Must Try Harder

I have not been idle with my dummy board research over the past few weeks despite my relative quietude in the blogosphere.

I picked up the biggest book I think I have ever lugged home from the library, a few weeks back. I ordered it especially, as it was entitled “Deceptions and  Illusions – Four centuries of trompe l’oeil” the catalogue of the exhibition at the National Gallery of Art Washington. U.S. A. I thought it might prove a useful tool in my ever present and ongoing search for information about the dummy board figure.

Tool indeed… if I had needed it as a weapon it would have made a nasty dent in someone’s cranium. As it was, it made a large enough thump as it fell off the desk ( onto a wooden floor!) narrowly missing my foot, when I was searching the bibliography, yesterday.

I heaved it back to the library today and asked them NOT to provide me with such huge tomes in future. For the good of my health. 🙂

They laughed.

They’re used to me after twelve, nearly thirteen years of asking for such esoteric and arcane titles as ”  Visual Perception Redefined ” a scholarly paper in the psychological appreciation of reality and “The history of the dildo from the 17th century to the present day ” I kid you not!

And all because of a tiny reference in a yet another scholarly tome ( this time in Italian- well yes it would be… ) to a trompe l’oeil of one such an * object*.

Isn’t life strange?

What’s that…? Do I have pictures….No, I most certainly do not.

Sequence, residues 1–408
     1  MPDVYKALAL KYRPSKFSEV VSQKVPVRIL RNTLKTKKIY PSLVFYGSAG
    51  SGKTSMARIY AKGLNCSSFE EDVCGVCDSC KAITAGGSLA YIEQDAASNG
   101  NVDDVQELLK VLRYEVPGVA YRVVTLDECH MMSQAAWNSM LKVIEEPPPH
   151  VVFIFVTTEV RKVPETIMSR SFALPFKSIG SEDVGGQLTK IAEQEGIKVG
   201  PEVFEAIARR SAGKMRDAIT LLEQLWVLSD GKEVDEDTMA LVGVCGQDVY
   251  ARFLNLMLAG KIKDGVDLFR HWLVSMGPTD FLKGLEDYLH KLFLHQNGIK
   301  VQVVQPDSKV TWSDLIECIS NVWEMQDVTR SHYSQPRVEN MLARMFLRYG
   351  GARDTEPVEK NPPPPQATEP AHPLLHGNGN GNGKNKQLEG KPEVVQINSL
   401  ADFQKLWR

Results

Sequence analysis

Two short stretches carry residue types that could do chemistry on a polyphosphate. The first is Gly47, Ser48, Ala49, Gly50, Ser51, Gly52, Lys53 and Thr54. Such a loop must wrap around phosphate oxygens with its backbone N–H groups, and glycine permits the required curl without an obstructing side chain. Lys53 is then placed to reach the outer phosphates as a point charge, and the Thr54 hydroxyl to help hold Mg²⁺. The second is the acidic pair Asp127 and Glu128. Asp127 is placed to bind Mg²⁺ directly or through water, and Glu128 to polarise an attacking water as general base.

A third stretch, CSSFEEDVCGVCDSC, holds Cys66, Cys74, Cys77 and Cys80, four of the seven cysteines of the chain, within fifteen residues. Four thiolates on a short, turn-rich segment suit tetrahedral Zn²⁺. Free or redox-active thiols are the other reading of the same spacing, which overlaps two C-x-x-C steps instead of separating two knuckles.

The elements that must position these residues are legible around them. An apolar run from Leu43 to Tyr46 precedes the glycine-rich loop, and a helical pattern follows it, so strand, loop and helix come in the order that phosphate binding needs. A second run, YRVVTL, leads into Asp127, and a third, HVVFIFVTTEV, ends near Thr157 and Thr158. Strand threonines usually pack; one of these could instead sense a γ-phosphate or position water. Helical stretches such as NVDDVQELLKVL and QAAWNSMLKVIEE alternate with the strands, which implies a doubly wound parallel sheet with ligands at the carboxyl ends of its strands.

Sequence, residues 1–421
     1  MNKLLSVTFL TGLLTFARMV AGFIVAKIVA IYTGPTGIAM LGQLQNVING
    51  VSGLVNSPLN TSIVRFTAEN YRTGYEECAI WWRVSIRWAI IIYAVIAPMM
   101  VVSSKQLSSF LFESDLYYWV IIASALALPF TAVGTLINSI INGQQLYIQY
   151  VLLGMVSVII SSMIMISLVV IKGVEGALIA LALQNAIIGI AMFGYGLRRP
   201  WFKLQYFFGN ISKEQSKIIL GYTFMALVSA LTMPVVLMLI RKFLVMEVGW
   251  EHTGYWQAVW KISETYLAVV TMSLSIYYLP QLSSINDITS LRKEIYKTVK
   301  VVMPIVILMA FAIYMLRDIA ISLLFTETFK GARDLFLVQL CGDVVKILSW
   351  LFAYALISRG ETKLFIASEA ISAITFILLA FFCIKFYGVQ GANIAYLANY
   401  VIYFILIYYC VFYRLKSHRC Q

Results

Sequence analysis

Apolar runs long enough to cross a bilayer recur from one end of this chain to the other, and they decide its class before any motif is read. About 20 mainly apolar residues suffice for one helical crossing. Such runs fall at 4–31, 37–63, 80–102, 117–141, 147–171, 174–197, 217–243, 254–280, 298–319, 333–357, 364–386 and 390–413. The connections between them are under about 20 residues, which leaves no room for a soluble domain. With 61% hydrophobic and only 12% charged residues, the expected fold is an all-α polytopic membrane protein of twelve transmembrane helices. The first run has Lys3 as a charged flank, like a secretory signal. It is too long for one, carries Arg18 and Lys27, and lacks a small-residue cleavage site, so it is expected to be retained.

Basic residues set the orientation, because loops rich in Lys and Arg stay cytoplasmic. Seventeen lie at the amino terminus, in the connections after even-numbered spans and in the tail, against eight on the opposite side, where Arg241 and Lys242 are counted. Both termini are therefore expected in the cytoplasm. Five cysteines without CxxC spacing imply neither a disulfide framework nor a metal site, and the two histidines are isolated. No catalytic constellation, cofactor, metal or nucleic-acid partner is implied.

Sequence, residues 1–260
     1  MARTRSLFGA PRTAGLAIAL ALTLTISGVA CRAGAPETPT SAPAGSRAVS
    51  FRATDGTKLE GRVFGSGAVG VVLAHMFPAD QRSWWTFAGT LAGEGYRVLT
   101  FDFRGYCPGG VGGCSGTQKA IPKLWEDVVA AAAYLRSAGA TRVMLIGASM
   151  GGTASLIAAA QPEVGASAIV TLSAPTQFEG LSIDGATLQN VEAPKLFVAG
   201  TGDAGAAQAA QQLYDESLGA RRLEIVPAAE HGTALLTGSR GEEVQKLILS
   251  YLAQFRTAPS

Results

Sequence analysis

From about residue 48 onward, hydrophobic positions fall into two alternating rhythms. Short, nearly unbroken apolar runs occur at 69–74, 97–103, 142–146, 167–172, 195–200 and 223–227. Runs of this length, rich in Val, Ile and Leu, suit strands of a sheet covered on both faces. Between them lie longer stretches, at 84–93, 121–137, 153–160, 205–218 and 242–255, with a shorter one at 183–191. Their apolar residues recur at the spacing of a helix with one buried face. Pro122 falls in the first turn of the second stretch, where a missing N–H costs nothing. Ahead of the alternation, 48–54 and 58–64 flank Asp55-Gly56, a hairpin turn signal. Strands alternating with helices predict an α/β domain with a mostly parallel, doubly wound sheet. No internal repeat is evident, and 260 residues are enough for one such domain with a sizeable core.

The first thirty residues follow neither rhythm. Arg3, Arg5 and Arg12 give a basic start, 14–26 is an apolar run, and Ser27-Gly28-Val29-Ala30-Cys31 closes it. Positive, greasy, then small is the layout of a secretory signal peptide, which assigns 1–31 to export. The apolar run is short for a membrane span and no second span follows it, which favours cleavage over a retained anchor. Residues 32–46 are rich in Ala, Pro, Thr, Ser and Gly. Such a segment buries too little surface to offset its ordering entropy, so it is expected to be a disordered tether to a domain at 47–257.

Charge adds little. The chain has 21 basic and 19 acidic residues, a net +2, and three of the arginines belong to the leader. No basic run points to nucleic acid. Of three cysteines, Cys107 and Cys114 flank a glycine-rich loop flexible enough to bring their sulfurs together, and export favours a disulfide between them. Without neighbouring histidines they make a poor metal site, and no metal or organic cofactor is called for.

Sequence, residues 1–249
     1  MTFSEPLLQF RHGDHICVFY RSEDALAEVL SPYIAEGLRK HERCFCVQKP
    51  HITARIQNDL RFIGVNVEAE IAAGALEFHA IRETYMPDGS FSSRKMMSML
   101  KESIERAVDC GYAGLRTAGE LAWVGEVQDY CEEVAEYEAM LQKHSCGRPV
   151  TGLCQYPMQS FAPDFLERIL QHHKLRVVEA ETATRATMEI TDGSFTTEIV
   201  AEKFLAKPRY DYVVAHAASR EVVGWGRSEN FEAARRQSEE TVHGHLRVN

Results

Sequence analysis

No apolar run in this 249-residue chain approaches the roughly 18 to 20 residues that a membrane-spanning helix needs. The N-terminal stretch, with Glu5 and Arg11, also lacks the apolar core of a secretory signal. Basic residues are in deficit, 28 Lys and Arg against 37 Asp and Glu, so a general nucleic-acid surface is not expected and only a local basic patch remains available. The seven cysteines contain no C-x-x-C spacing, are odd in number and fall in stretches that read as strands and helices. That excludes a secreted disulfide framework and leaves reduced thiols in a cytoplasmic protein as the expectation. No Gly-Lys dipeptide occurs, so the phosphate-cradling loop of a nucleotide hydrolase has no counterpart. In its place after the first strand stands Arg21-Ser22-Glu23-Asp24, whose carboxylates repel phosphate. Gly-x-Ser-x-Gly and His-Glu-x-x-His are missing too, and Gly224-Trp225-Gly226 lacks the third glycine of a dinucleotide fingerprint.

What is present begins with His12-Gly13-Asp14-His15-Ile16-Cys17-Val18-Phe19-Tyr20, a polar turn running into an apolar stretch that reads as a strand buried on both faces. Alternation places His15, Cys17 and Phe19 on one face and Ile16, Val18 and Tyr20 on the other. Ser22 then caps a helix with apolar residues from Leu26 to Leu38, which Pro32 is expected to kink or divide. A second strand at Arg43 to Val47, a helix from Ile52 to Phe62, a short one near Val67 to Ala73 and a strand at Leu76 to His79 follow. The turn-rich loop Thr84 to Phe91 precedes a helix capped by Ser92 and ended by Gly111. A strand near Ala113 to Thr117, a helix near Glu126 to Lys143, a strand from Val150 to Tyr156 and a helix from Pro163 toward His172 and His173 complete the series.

The Big Book...deceptively small and light..... be not fooled!

Back to the big book….. It took an age to read properly. It was very useful. Not to mention interesting. Wordy in the extreme but interesting. I don’t know why authors seem to think they have to be so convoluted when explaining psychological phenomena…but they do. What’s wrong with plain English?

I do hope my little blog is less frightening than many would find this book. Anyway…I digress.

The book contained, as I hoped it would, an illustration of three  historical ” references ” to interesting problems thrown up by reading people’s diaries. THAT is what you get for poking your nose un- asked,  into other peoples business!  Well I suppose that if they were writing a diary it was meant to be seen eventually, though I’m told Pepys never intended his to be seen and deciphered. Mmm..pull the other one. 😉 These three problems have been perplexing me for a while and I have been  trying hard to get to the < ahem> bottom of them. 🙂

Samuel Pepys...the old lecher...

Anyway, in his diary he mentions a perspective, a trompe l’oeil deception by Hoogstraten which he saw when visiting his Uncle’s London House, in Lincolns Fields. This consisted of a box like cabinet with a peephole     ( No it’s NOT one of those ), which gives the illusion of a three dimensional room should you look into it. This book had an illustration of it. The first I had seen and it cleared up nicely the question of how it was done.

Hoogstraten's perspective box with the front removed.

The second reference was from the diary of a customer of Rembrandt’s, about a picture which he had acquired after the Great Man’s death. Girl Leaning on a window Ledge. It doesn’t sound very exciting. Indeed the picture is a bit……well….yes…un- exciting. Here it is.

Girl leaning on a window ledge. The Maidservant illusion mentioned by many, from Rembrandt's house.

We are told by Rogier de Piles ( that’s Pee-les..not  hemorrhoids)
who eventually bought the painting that:

“Rembrandt diverted himself one day by making a portrait of his servant in order to exhibit it at his window and deceive the eyes of the pedestrians. He succeeded because the deception was only noticed a few days later. It was not beautiful drawing, nor a noble expression which produced this effect. One does not look for these qualities in his work. While in Holland I was curious to see the portrait. I found it painted well and with great strength. I bought it and still exhibit it in an important position in my cabinet”

Could this deception fool the 21st century viewer today? I doubt it but it obviously worked in the 17th century.